Mark Ellis – Mark’s work is focused on strategies for mathematics instruction that make meaningful learning accessible to diverse groups of students. Throughout his teaching career, Mark has been driven by a desire to create opportunities for all students to learn important mathematics concepts and skills, particularly those who are from historically underserved groups.

Kris Lindeblad – Kristine  has a passion for mathematics and kids that has led her to a lifelong career in mathematics education. She has taught middle school and high school, been a math instructional coach, and math coordinator for Spokane Public Schools.  She works and learns with teachers as they strive to ensure best practices and instructional excellence in mathematics.

Michele Dufresne – Michele is a classroom teacher and literacy specialist who has spent most of her life teaching children to read. She is the co-developer of Literacy Footprints. Michele is an expert in supporting teachers as they develop the skills they need to facilitate high quality small group and differentiated instruction in reading.



EPS Academy Offers Real Learning that Translates Directly to the Classroom

Do you need time and support to plan units that your kids will engage in and care about?

Sign up for: Learning Design for the Workshop Classroom, or Supported Unit Planning in PBL / Inquiry

My students have Chromebooks, now what?

Beginners, click here! Past beginner, but need more? Click here

Struggling to reach your at-risk kids?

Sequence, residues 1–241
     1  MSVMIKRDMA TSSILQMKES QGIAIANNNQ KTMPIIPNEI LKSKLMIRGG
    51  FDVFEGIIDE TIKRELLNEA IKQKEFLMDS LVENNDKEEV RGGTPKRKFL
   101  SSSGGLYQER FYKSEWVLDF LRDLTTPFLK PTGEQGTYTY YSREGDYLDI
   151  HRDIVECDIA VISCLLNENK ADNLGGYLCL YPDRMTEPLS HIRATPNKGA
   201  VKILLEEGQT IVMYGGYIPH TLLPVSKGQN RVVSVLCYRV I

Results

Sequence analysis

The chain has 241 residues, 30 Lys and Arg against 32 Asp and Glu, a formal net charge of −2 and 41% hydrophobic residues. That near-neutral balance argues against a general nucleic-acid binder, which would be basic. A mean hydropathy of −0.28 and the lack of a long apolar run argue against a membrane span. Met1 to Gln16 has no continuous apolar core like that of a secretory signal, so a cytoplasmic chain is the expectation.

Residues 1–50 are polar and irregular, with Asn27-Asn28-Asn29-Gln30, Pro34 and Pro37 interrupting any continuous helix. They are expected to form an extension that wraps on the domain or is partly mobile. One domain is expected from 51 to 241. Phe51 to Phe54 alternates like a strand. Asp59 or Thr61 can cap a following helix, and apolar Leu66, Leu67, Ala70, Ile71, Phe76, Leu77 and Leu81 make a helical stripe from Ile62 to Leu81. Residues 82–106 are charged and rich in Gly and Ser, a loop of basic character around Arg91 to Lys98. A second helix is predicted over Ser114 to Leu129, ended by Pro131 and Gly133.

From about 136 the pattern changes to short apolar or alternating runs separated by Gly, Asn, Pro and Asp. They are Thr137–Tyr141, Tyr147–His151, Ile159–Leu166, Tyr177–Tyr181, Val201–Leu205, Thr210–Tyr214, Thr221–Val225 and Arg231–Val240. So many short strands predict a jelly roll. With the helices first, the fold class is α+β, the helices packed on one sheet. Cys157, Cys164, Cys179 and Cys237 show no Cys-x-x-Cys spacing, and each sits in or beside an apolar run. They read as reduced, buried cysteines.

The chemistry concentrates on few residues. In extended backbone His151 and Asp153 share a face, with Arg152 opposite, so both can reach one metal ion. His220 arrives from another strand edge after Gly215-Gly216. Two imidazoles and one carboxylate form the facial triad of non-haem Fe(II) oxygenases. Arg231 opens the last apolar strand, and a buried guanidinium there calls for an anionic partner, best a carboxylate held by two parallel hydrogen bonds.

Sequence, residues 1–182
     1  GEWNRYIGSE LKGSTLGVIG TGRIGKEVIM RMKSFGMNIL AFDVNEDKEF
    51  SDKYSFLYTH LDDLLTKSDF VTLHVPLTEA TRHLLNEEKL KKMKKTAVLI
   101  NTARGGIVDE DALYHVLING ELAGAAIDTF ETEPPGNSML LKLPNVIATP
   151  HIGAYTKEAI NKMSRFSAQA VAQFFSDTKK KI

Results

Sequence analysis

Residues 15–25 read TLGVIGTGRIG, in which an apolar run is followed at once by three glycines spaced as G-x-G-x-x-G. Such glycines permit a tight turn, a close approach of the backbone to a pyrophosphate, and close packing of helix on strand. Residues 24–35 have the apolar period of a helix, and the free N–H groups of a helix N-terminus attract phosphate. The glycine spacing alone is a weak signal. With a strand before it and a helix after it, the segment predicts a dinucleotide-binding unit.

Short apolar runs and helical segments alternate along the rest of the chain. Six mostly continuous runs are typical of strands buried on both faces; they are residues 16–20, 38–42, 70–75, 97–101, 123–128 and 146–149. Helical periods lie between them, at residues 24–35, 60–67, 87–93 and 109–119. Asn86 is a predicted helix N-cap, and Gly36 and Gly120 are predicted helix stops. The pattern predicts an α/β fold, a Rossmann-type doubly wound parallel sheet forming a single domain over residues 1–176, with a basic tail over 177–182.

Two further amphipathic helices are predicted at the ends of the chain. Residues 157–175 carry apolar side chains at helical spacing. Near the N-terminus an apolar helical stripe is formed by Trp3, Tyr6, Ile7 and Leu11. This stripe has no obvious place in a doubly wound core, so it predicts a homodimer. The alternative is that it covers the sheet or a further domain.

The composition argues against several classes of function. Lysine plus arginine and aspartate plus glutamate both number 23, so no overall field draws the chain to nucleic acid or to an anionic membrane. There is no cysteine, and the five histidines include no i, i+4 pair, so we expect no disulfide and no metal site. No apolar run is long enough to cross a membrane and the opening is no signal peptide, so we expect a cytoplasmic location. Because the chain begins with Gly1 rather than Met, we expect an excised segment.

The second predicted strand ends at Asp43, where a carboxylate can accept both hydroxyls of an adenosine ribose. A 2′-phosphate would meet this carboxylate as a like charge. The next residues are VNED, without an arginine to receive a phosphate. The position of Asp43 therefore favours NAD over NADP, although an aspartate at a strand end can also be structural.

Develop your skills in supporting students with social-emotional and cognitive learning needs in this session: Structures, Systems, and Routines to Create a Calm Classroom out of Life’s Chaos

Join us on November 20 & 21st at the EPS Academy at Cascade Middle School to get exactly what you need; and earn up to fourteen clock hours doing it!

Controversial Ideas in Education

Here’s a question that I love asking fellow educators:

What is something that you believe to be true about teaching and learning that you don’t think anyone else at the table will agree with?

The responses that I’ve heard have been captivating. Sometimes what is shared ends up saying us more about the person’s perceptions of their peers’ opinions, and we all end up learning that we are less alone than we suspected. Hearing a colleague share a controversial belief in a safe and trusting environment tells so much more than hearing beliefs or experiences that you have in common – it breaks the echo chamber of our own thinking. Try asking this question at lunch, in a PLC, or wherever you head to on a Friday afternoon. You might learn something fascinating.